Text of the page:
#include <assert.h>void assert(int exp);
The assert( ) macro, defined in the headers <assert.h> and <cassert>, writes error information to stderr and then aborts program execution if the expression exp evaluates to zero. Otherwise, assert( ) does nothing. Although the exact output is implementation defined, many compilers use a message similar to this:
Assertion failed: <expression>, file <file>, line <linenum>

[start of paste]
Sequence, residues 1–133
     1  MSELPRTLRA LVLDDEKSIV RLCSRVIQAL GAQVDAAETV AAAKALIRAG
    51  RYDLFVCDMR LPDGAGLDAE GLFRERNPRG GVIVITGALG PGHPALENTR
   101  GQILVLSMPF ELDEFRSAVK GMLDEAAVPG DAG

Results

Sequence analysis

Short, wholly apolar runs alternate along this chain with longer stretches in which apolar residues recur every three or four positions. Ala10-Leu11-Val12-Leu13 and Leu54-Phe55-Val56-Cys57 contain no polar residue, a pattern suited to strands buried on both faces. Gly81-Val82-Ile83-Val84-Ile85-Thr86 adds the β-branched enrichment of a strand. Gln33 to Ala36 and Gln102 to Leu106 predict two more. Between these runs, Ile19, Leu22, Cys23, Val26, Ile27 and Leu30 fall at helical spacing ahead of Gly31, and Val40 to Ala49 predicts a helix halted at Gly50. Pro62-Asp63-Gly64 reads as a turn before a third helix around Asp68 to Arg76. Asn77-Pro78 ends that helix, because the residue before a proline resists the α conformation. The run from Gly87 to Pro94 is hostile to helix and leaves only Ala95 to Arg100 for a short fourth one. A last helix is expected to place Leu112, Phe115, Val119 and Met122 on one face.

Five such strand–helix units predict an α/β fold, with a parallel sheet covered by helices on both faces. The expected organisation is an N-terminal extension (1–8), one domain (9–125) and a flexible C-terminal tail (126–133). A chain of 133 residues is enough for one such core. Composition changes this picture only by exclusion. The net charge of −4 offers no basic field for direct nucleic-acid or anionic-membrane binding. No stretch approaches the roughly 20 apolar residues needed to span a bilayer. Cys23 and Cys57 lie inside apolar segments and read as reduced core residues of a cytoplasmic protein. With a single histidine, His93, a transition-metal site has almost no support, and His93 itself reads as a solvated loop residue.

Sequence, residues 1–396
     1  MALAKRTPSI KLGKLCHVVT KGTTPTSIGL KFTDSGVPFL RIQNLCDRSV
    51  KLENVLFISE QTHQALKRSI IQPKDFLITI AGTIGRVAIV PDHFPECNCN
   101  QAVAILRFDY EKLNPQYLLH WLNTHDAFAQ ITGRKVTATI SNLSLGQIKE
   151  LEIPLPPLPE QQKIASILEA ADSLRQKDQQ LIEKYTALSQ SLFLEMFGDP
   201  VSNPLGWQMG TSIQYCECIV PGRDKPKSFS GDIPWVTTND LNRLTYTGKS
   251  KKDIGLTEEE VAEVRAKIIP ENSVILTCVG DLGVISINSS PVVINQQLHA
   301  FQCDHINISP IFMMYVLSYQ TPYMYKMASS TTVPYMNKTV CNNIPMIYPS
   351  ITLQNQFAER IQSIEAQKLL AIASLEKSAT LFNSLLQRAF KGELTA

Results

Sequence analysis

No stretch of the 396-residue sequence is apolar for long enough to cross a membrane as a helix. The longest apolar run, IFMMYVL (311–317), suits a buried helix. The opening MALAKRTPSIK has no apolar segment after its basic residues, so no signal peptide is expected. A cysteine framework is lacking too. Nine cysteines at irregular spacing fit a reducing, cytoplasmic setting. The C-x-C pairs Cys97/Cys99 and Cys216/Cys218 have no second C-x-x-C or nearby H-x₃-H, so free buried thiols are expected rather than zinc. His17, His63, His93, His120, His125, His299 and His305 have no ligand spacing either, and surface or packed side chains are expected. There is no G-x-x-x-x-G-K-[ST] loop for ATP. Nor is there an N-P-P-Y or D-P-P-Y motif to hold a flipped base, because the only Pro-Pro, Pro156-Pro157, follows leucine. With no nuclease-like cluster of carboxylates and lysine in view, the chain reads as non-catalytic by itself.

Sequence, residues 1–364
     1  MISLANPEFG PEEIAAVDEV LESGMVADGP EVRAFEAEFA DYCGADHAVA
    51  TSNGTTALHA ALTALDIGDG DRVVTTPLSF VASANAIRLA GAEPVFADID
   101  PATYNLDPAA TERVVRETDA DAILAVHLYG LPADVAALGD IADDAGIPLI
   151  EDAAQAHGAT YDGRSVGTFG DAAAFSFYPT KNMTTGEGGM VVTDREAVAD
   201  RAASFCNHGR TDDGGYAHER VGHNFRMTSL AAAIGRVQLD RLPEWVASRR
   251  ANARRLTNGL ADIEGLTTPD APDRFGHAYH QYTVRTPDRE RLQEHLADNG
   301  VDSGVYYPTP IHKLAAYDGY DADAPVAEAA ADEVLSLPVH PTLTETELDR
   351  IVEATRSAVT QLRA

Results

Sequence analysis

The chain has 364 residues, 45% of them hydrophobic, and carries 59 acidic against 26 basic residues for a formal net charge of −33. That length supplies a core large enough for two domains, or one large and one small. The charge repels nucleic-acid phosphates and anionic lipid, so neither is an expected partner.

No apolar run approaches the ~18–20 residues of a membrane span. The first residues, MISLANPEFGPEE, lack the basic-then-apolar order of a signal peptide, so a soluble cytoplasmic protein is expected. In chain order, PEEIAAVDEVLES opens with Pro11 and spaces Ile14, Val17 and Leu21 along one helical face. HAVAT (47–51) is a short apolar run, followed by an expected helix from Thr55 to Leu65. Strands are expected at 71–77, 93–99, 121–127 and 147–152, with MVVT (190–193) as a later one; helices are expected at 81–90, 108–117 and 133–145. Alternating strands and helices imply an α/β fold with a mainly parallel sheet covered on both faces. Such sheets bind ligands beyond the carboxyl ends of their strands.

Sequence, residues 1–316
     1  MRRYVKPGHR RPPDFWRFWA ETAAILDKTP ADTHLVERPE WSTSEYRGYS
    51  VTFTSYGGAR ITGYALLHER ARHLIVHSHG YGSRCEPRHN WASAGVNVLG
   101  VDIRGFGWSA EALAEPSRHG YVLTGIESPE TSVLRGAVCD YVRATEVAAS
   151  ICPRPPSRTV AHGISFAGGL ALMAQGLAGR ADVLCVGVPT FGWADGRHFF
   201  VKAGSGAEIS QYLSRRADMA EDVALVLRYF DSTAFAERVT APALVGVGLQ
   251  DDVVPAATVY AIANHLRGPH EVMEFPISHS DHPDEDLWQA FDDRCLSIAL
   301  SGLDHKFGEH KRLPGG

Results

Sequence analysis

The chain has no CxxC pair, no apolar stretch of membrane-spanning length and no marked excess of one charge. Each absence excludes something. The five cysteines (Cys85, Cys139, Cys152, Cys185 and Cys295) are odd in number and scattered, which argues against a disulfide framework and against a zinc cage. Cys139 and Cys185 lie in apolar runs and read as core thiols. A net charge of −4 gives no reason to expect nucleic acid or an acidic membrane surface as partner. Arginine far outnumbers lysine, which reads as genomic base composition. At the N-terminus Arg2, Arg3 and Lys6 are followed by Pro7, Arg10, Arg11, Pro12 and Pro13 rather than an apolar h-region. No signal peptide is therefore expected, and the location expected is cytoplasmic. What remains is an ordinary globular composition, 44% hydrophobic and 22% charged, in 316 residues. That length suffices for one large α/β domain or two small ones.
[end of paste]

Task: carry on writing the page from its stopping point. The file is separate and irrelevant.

For C99, the message will also include the name of the function that contained assert( ).
The assert( ) macro is generally used to help verify that a program is operating correctly, with the expression being devised in such a way that it evaluates to true only when no errors have taken place.
It is not necessary to remove the assert( ) statements from the source code once a program is debugged because if the macro NDEBUG is defined (as anything), the assert( ) macros will be ignored.
A related function is abort( ).